Christmas in Whitby

Christmas does funny things to time. It seems to slow it down and speed it up in equal measures. Days are drawn out and then gone in a flash. Afterwards, the world feels a little like it has been pricked with a pin. It takes a while for Thursday to become Thursday again.

This year, I spent Christmas beside a grey winter sea that was as beautiful as a blue summer’s one. If you looked out of the window of our apartment, you could see the waves crashing into the pier, during the day, and, at night, nothing. It is rare to stare out into nothing. On Christmas morning, we walked out along the beach. The water made the sand firm and spongey. When you pushed down, it glistened as the water emerged, temporarily. The sea was strangely quiet in comparison to the wind.

whitby photo

In the church watching over Whitby, there was an old iron stove and tens of Christmas trees, each representing the organisation which donated it. I have not seen a Christmas tree adorned in lobsters before. Behind it, the Abbey was dramatic and austere. I wonder why that feels like the word to describe it. There was a clifftop walk, just beyond it, which we followed until the feeling that the sea directly below was waiting to swallow us up became too intense to me. Some places don’t feel like they are from this time.

On Christmas day, we forgot the outside. We ate smoked salmon, for breakfast, and turkey with all the trimmings when the Queen had finished her speech. I had been attempting to beat last year’s Christmas dinner record in the run up to Christmas but I am beginning to think that Turkey tastes better when you have forgotten how tasty it actually is. And when you’re enjoying it with friends. I wouldn’t have changed a thing about the day.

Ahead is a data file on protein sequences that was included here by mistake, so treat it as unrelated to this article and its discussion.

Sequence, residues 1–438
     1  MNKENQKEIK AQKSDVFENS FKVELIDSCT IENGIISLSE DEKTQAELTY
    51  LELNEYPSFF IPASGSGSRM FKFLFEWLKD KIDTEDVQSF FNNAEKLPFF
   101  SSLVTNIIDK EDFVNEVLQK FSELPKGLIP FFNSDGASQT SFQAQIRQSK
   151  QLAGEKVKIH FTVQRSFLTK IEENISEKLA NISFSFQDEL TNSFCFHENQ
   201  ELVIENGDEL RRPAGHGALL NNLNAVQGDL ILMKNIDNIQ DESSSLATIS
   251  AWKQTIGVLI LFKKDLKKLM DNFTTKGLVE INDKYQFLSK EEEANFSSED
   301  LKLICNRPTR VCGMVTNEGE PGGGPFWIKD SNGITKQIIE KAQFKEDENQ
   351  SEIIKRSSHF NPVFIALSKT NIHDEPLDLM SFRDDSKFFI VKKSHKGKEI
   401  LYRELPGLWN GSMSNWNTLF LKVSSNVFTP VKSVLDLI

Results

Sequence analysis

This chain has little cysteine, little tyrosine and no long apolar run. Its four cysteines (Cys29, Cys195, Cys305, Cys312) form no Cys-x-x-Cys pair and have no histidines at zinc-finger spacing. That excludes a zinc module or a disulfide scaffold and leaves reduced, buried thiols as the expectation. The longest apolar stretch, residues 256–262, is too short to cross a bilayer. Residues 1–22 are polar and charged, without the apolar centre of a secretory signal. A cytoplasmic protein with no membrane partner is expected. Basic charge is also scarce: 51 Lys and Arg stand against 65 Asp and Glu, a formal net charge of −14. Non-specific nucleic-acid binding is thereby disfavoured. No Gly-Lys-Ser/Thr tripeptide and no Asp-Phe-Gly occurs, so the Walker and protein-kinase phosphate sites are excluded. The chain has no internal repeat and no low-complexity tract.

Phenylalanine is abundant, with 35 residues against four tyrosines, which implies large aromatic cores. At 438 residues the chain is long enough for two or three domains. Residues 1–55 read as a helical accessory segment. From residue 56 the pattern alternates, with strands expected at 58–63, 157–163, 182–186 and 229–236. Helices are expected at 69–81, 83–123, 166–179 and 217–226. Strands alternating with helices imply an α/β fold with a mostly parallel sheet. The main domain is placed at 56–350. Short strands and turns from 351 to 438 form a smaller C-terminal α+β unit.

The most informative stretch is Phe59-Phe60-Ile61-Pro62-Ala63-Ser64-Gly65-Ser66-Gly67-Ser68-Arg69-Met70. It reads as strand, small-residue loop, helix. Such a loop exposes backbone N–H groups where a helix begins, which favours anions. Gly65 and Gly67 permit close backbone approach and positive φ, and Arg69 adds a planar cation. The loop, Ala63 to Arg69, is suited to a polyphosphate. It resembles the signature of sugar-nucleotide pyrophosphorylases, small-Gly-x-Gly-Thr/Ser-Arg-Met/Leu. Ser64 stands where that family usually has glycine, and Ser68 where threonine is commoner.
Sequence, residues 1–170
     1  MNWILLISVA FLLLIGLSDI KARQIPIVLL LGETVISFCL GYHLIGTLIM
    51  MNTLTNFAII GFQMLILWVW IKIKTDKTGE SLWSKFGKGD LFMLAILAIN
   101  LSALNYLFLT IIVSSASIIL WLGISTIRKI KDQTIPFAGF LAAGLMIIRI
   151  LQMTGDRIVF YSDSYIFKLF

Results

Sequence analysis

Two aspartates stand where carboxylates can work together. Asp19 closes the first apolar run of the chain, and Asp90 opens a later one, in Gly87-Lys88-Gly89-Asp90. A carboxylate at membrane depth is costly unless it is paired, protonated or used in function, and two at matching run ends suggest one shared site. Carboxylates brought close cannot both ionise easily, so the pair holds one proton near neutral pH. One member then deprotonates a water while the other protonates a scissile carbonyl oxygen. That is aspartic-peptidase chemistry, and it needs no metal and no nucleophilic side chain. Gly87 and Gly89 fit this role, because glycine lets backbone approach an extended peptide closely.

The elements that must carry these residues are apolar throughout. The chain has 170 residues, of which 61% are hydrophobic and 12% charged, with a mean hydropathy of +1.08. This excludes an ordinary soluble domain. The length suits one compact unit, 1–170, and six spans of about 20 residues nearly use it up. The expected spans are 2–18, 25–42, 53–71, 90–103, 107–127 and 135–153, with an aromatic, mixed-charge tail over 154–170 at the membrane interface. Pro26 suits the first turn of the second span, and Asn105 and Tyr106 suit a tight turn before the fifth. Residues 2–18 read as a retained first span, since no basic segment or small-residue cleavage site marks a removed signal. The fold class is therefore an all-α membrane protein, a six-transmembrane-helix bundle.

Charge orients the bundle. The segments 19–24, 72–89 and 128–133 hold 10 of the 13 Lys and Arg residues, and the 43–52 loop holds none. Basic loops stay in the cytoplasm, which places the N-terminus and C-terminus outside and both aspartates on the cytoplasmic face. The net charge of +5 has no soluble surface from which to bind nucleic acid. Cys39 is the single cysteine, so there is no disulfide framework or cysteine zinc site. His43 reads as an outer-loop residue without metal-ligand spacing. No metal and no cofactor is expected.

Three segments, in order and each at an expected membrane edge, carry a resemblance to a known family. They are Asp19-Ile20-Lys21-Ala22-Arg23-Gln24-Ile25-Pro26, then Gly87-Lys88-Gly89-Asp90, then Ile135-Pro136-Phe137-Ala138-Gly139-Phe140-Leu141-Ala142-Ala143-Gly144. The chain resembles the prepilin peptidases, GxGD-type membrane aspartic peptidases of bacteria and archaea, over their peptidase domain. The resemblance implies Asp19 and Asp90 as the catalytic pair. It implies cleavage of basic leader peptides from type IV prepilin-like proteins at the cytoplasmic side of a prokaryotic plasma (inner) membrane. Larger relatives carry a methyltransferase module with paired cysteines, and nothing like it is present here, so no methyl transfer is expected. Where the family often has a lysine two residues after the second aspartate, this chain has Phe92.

I am not yet accustomed to being back in London. Outside, the traffic roars past and I can already feel my body switching back into fast forward. It feels like the holiday is shrinking but I do not think the urge to clutch onto it is helpful. I have enjoyed, I guess, the unusual opportunity to properly unwind. There are few occasions when I’m just enjoying the moment rather than overlooking it to see what’s coming ahead.

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One response to “Christmas in Whitby

  1. “On Christmas day, we forgot the outside… “

    Whitby does that to you! There’s so much to do in this town; so much history, so much entertainment and activity. You could easily spend a couple of weeks here doing something different each day, visiting different places, trying different activities and dining in different restaurants. So much so, that at times it can seem quite frenetic. And yet, when the need arises or the time is right, Whitby is a wonderfully peaceful, serene and timeless place to relax.

    Relax, slow down, breathe and let the world pass you by, for a while at least. When you stop, Whitby stops with you and the tranquillity of the place simply washes over you.

    Sitting in the lounge in Prospect Holiday Home, gazing out over the marina, Whitby is an utterly different place, so calm, undemanding and ageless. I have spent hours watching the boats swaying on the gentle wavelets in the marina and listening to the silence punctuated by nothing but the muted call of the gulls.

    But, whether you’re contemplating the gentle views of the marina, the more austere views of the gothic architecture or the cold steel grey of the winter sea, Whitby always offers the rare and unusual opportunity to properly unwind!

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